The U.S. Securities and Exchange Commission answered some industry complaints when passing vast new rules over bond deals at the heart of the financial crisis, but broad new disclosure requirements around asset-backed securities could push more of the business to the private market exempted by Wednesday's rulemaking, attorneys said.
Schlumberger Ltd. was ordered to pay $600,000 in attorneys' fees and sanctions on Wednesday after a Texas judge threw out the majority of a lawsuit the company had filed accusing its former chief intellectual property lawyer of sharing trade secrets with Acacia Research Group.
A California federal judge on Wednesday refused to permanently ban Samsung Electronics Co. Ltd. from selling several mobile phones and tablets that a jury recently found infringed Apple Inc. patents, ruling Apple hadn't shown that it would suffer irreparable harm to its reputation.
A Delaware Chancery judge agreed Wednesday to fast-track a lawsuit by activist investor Bill Ackman and Valeant Pharmaceuticals International Inc. looking to compel a special shareholder meeting as part of their $53 billion hostile takeover campaign of Botox maker Allergan Inc., questioning whether the target actually wants to hold a meeting in December.
The U.S. Securities and Exchange Commission on Wednesday finalized broad new rules covering two outstanding components of the Dodd-Frank Act when it passed extensive new disclosure and reporting requirements for asset-backed securities and imposed new internal controls on credit rating agencies.
The U.K. Financial Conduct Authority on Wednesday fined The Royal Bank of Scotland PLC and its NatWest business £14.5 million ($24 million) for failing to provide suitable advice to consumers purchasing mortgages after investigating a series of transactions in 2012.
Allergan Inc. said Tuesday it will hold a special meeting on Dec. 18 where shareholders can vote on a proposed board overhaul, part of a $53 billion takeover bid by Valeant Pharmaceuticals International Inc., and will seek an order blocking Valeant, investor Bill Ackman and Ackman's hedge fund from voting their shares.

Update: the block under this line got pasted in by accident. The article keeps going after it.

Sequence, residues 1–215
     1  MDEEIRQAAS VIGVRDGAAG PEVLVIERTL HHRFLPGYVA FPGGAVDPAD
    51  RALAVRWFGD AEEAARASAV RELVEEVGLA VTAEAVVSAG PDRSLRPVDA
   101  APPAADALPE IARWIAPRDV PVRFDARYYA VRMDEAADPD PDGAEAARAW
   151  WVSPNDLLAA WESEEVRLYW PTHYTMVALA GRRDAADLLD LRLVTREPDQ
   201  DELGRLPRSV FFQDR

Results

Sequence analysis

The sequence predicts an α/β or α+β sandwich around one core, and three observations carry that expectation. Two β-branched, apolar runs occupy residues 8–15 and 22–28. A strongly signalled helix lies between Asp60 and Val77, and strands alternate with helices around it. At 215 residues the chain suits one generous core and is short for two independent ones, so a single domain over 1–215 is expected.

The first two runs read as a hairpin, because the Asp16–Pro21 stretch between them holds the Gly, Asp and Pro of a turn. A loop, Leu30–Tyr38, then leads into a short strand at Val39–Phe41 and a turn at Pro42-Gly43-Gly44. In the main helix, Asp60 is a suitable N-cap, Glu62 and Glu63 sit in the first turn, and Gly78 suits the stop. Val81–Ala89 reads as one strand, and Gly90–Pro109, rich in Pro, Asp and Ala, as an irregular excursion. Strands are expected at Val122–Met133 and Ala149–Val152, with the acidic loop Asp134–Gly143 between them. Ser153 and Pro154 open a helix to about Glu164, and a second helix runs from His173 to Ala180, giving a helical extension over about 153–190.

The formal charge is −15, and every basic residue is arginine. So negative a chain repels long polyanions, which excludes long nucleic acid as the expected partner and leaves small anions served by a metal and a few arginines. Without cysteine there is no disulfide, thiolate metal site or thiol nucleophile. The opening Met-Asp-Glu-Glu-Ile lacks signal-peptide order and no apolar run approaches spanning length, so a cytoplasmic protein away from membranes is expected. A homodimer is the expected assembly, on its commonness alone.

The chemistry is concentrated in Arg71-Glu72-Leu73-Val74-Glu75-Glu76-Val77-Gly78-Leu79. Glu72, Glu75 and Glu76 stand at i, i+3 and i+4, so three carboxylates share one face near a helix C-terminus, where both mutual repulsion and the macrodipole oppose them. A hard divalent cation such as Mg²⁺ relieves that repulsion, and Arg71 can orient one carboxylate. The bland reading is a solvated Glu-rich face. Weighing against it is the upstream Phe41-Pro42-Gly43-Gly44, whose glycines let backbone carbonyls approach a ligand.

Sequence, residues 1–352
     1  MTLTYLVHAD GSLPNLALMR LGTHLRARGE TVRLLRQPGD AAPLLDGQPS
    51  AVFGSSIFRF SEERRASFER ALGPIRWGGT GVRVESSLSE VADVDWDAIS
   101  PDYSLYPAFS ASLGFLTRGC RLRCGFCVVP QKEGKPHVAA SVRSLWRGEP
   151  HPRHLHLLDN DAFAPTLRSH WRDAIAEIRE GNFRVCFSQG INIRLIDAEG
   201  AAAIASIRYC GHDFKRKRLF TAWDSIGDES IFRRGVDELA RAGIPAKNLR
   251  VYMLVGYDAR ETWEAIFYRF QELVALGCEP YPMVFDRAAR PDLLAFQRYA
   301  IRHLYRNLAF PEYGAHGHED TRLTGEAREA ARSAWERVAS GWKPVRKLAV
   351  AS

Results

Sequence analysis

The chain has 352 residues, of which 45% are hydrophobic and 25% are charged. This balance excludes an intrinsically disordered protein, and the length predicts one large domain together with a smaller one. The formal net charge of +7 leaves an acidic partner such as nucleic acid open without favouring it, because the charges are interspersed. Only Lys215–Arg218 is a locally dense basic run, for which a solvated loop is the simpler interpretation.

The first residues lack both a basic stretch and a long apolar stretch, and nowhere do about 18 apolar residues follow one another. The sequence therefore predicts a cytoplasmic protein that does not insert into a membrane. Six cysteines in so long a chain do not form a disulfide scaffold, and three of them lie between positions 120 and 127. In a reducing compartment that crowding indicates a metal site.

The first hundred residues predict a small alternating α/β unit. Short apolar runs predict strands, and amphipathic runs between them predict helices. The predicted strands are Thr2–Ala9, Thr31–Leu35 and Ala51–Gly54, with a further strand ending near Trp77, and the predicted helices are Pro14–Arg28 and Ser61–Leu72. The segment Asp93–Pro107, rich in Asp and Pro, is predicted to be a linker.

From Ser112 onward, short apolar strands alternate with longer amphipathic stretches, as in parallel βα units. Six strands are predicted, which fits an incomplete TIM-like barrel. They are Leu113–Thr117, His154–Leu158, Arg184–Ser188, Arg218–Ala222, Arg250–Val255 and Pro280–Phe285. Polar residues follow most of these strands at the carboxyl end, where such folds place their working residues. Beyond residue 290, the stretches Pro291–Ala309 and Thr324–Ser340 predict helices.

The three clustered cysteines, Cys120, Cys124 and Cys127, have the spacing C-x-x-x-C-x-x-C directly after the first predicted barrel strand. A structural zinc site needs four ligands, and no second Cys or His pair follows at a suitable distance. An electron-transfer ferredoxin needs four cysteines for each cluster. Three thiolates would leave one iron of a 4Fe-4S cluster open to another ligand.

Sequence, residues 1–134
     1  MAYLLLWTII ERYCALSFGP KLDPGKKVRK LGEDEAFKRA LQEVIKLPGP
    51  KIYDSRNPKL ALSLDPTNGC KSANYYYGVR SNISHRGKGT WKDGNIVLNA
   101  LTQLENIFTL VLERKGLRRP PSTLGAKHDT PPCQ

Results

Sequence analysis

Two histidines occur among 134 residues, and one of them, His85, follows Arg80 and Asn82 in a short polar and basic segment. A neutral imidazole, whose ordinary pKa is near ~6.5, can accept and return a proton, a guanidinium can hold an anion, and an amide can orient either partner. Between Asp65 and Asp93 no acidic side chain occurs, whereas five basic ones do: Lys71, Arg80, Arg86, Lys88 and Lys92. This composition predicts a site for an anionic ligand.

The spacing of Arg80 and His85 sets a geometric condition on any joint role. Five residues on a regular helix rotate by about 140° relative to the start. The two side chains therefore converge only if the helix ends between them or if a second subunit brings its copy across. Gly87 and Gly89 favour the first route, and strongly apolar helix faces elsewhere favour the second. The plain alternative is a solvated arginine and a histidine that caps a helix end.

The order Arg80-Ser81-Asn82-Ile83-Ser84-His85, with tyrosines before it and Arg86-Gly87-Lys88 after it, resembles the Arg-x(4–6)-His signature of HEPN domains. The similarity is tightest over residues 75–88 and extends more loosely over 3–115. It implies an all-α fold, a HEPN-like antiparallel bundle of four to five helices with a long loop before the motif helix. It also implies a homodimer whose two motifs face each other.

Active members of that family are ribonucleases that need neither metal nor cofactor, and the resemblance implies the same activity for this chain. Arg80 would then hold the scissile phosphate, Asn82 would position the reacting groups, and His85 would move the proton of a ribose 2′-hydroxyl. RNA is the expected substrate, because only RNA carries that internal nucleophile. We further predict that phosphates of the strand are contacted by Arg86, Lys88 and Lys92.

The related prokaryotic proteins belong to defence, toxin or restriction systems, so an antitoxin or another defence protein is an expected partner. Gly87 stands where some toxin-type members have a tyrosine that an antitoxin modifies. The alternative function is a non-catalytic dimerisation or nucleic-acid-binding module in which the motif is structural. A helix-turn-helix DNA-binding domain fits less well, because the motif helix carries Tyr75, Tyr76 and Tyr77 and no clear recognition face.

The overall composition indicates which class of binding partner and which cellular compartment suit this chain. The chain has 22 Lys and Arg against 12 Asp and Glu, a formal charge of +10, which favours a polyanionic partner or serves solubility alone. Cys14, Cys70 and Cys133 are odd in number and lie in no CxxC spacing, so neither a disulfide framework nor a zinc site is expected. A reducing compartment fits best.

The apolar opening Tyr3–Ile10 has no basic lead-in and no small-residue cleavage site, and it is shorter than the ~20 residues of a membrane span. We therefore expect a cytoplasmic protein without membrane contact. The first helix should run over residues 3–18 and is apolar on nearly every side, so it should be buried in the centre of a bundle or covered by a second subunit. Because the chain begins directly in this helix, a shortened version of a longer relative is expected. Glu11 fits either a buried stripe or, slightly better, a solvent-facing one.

The Financial Industry Regulatory Authority and a group of U.S.-based securities exchanges have filed their proposal to implement a one-year pilot program to evaluate widening the trading tick size for certain small-capitalization stocks, the U.S. Securities and Exchange Commission announced Tuesday.
An Illinois federal court has sanctioned Robbins Geller Rudman & Dowd LLP after finding that the firm had engaged in “reckless and unjustified” conduct in a securities class action against The Boeing Co. that relied on erroneous claims by a confidential witness, according to a ruling made public Monday.
A Maryland federal judge on Tuesday amended a temporary restraining order that would have required Mylan Inc. and Par Sterile Products LLC to recall their generic versions of Hospira Inc.'s blockbuster sedative Precedex, saying he realized his initial decision went too far.
The World Health Organization is calling on governments to make it illegal to market electronic cigarettes to young users and to ban the smokeless tobacco products in public places, citing concerns about the tobacco industry’s future role in the rapidly expanding market, according to a report released Tuesday.
A New York federal judge dismissed the London Metal Exchange from antitrust multidistrict litigation over aluminum warehousing rates Monday, ruling to even her own surprise that the exchange was protected as an organ of the U.K. government despite being privately owned.
Citigroup Global Markets Inc. will pay nearly $2.5 million to settle Financial Industry Regulatory Authority charges that it failed to provide best execution on some 22,000 customer trades and supervise this trading even after being alerted about the alleged problems, FINRA said Tuesday.
A California federal judge ordered Hewlett-Packard Co. shareholders Monday to revise a proposed settlement in their derivative suit over HP's $11.1 billion Autonomy Corp. acquisition, vetoing a clause under which the plaintiffs' attorneys would be paid $18 million to help HP sue Autonomy’s top brass.
Burger King Worldwide Inc. will merge with Canadian coffee shop Tim Hortons Inc., the latest — and potentially most controversial — tactic for the burger chain after a series of innovative deal-making moves in recent years, including a New York Stock Exchange share listing and a novel merger structure using a tender offer.
A Hawaii federal judge ruled Monday that a Kauai County restriction on the cultivation of genetically modified crops is preempted by state law and invalid, siding with agribusiness units of Syngenta AG, BASF SE and other multinational corporations in their effort to overturn the local ordinance.